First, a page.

Kynsa ha Diwettha – Agan Tirwedh Bewa ha Gonis
First and Last – Our Living Working Landscape
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Volunteer Stories

Some of our volunteers have kindly shared their experiences of volunteering with us - read more below of find out more about working with us from a volunteer's perspective. 

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Carolyn KennettCarolyn Kennett

Volunteering for The Penwith Landscape Partnership has been so much fun. We were volunteering at Mulfra Vean which is the location of an Iron Age settlement, with several courtyard houses.

On arrival, the site was very overgrown and with a group of other volunteers we helped clear the site in preparation for an archaeological survey. Richie [our Practical Tasks Officer] was fabulous in leading the clearance and gave all the training needed so we could have a go with all the hand tools. The ancient site’s expert was regularly on hand to answer all our questions about the heritage of the site.

It was exciting to expose the stones from the undergrowth and see the site come back to life. We were lucky enough to expose some new additional features, which were recorded in the survey. The days were always lots of fun with plenty of great company and tea breaks. It was such a fabulous location to have started volunteering as it had wonderful views of Mounts Bay.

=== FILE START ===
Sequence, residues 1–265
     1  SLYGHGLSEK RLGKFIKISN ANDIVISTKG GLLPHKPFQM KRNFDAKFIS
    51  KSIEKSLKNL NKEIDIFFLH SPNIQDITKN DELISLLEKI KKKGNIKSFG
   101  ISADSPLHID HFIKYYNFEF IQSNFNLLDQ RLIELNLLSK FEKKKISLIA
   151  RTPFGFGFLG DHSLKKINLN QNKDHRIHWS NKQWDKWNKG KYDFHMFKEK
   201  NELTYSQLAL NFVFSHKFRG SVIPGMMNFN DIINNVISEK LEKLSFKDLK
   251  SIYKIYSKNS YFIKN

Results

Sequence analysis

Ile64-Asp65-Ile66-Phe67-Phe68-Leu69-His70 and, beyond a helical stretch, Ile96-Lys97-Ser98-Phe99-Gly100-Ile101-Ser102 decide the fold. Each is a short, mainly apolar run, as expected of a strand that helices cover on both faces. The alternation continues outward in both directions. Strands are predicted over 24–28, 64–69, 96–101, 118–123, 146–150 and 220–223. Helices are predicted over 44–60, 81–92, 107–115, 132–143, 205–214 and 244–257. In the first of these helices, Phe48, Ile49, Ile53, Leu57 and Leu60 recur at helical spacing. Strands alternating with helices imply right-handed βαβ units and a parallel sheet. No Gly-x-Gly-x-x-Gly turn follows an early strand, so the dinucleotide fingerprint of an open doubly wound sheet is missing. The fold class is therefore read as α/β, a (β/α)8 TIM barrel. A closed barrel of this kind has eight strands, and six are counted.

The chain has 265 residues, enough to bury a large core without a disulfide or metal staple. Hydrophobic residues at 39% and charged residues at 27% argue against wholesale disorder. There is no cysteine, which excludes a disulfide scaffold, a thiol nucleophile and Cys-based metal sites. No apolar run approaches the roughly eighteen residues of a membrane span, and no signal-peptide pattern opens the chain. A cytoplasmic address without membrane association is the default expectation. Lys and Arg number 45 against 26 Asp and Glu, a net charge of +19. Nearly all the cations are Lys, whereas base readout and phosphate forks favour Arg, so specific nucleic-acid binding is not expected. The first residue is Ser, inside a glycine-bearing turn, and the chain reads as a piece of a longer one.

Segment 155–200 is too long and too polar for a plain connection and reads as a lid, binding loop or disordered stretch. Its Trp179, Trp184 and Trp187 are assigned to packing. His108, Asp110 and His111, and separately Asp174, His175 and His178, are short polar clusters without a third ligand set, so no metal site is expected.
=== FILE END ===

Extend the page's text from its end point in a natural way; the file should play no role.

Robin KnightRobin Knight

West Penwith is unique, with its moors and sea cliffs, barrows and cairns, its stone field boundaries as old as the pyramids and still in use for their original purpose, scattered with ancient settlements and rare wildlife habitats. Being able to get out into this amazing environment be it in sunshine or mizzle, to help conserve these special places is a privilege.

The rewards for doing so are many, and everyone who volunteers will have their own reasons for doing so. I enjoy the more physical, practical work of keeping sites clear of invasion by common species such as bracken and gorse, and invasive plants like Himalayan balsam. It’s an opportunity to meet other volunteers; it keeps me fit and gets me out to sites that I wouldn’t otherwise know about. Also it is a learning experience. I come home having learnt something new, or wanting to delve into the history of a site or find out more about the different species of rushes found in acid bogs! In short volunteering keeps both body and mind healthy. Having a cup of tea standing in the middle of an Iron Age Courtyard House discussing with friends …perhaps the latest series of Poldark… is an experience as unique as the setting. And at the end of a sweaty, or damp, day to stand back to see how much our small band of volunteers has accomplished is another reward that few other activities can offer.